Musculoskeletal symptoms among dental personnel; - lack of association with mercury and selenium status, overweight and smoking.Swed Dent J. 2000; 24(1-2):23-38.SD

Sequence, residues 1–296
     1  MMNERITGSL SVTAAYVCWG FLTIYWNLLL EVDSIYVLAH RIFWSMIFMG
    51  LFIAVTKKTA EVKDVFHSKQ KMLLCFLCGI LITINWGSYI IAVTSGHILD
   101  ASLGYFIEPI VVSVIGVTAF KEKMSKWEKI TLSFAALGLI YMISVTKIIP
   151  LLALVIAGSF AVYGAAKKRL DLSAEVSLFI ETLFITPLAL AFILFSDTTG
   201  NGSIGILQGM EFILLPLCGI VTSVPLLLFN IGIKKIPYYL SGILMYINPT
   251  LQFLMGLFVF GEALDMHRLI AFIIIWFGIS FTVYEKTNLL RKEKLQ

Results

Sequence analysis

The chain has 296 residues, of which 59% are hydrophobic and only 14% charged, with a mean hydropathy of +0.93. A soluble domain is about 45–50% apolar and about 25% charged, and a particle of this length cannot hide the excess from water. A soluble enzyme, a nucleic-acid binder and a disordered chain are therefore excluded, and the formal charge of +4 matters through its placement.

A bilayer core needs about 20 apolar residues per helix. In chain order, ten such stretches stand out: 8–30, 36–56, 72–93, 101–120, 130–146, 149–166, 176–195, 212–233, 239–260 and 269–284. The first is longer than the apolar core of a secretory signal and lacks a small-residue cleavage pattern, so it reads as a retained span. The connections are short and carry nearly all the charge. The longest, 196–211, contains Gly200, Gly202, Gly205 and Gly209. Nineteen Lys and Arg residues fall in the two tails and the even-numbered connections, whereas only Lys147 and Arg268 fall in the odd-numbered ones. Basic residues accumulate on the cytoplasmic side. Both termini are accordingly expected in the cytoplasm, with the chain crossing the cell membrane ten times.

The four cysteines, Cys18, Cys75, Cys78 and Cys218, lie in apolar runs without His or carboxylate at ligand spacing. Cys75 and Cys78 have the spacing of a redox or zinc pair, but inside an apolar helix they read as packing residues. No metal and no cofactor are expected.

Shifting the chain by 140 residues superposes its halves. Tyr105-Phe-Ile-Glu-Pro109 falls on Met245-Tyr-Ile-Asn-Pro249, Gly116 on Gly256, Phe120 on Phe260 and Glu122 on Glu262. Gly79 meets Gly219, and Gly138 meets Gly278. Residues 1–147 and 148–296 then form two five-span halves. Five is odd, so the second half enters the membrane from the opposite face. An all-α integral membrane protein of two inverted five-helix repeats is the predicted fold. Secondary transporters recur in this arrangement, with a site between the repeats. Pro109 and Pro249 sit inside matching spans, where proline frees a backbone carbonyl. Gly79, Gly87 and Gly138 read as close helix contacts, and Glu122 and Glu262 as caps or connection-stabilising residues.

Our objective was to describe the occurrence of musculoskeletal symptoms and how they affect the daily life of three different occupational groups of dental personnel. A cross sectional-study was performed among 268 dental staff members and 111 referents. Female dental hygienists and female dentists showed, compared with their referents, higher prevalence of symptoms during the past 12 months from neck, shoulders and hands/wrists. Both dental groups also had higher frequencies of combined symptoms from these body regions, as well as longer duration of symptoms in neck and shoulders during the past 12-month period. Male dentists had higher frequencies of neck and shoulder symptoms compared with their referents. Female dental assistants did not deviate from their referents. The symptoms from each single body region, or the occurrence of symptoms from multiple regions in a subject, did not show any statistically significant association with mercury (whole blood and urinary levels) or selenium (plasma level) status, neither with smoking habits nor overweight (Body Mass Index). The high frequency of musculoskeletal disorders probably reflects the specific work load in dentistry, with high demands on vision and precision and fine manipulative hand movements and work with unsupported, elevated arms. The symptoms might impair work capacity and the future possibility to stay in the profession. Further studies are needed to verify this.